This clearly portrays that Beatrice is unwilling to marry, and that she detests all men, furthermore emphasized by her witty statement to her uncle, Leonato, in which she states ‘he that hath no beard is less than a man, and he that hath no beard is less than a man’ showing that she believes no man is perfect for her.Tags: Credible Online Sources For Research PapersEth Thesis PrintingManagement Problem Solving TechniquesEssay On My Favourite Sports BadmintonChristmas Spectacular EssayRifleman Dodd Essay
Benedick’s inner sensitive and slight childishness is recapitulated by Benedick’s foolish mask and puerile accent, which was evidently not a natural accent.
It is also shown after Beatrice insults Benedick with sacritical barbs and witticisms, when Benedick runs up to Don Pedro and pleads the Don to send him away from ‘this harpy’, referring to Beatrice.
Her jests are first of all aimed at Don John, where she states: ‘I am heartburned an hour after’ in a comedic way, causing Antonio to snigger.
Here, her criticalness of all men is shown as even though it caused her family members to laugh, Beatrice said it with a veil of sincerity, shown by her facial and bodily gestures of seriousness, emphasized by a long shot to capture everyone in the background and their reactions.
By stating that he ‘stood like a man at a mark,’ Benedick believes that he is noble and honest, unlike Beatrice. ‘Every word stabs’ personifies Beatrice’s crass taunts as sharp weapons.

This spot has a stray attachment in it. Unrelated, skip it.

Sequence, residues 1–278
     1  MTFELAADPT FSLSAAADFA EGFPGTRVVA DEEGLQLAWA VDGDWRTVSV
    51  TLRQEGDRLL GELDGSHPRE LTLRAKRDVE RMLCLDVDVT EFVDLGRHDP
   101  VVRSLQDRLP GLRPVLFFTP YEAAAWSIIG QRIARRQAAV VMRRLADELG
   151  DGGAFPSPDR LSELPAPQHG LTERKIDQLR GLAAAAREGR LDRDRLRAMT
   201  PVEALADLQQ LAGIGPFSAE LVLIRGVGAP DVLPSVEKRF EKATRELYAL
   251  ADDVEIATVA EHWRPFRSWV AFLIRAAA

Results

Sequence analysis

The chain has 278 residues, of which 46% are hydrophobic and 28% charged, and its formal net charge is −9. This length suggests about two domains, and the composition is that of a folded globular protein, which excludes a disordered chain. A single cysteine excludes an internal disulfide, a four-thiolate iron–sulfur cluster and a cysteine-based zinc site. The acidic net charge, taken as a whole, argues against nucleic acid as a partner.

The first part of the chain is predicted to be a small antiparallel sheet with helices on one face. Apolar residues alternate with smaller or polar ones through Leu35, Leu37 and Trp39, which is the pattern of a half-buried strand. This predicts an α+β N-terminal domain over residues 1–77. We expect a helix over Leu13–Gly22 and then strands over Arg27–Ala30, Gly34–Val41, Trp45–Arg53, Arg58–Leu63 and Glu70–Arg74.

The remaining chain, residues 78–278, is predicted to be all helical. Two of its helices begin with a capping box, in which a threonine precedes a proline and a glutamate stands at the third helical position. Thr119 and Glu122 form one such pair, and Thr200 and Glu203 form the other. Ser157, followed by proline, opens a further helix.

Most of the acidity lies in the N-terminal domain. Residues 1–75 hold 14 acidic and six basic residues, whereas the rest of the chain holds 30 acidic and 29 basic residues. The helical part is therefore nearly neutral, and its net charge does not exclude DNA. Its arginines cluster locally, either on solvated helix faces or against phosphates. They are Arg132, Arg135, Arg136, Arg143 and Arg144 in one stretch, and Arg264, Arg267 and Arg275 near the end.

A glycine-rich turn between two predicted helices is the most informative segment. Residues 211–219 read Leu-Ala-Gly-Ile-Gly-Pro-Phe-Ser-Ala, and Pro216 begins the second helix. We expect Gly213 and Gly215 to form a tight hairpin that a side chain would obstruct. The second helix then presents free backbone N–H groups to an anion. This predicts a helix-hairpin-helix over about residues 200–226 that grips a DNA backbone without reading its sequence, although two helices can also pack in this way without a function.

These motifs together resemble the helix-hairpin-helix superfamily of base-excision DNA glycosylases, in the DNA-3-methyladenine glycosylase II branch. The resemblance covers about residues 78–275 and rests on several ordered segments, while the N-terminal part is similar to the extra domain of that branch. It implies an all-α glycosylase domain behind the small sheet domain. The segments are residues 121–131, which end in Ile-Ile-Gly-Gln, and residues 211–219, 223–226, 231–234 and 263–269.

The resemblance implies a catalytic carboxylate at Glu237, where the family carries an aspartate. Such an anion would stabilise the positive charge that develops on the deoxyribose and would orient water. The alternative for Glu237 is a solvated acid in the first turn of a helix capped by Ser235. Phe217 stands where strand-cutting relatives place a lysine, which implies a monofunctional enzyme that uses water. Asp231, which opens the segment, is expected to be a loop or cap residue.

Benedick claims that Beatrice’s words had literally sucked the blood out of him, just as when stabbed, someone loses a lot of blood.
The satirical paraphrase ‘only his gift is devising impossible slanders’ is particularly wounding to Benedick as it alludes to the fact that he is useless, and is not good at anything, from love to war, it’s clearly sacritical as it amuses other people, while still affecting Benedick and her male victims exceptionally.
This hurts Benedick particularly because Beatrice implies that their previous relationship was destroyed by Benedick being good for nothing, except slandering Beatrice.
She hints that he was to blame for their relationship breaking up and them ending up like this.
Her antagonism towards Benedick is also shown in earlier scenes, just before their first encounter where Beatrice cunningly asks ‘I pray you, is Signor Mountanto returned from the wars, or no?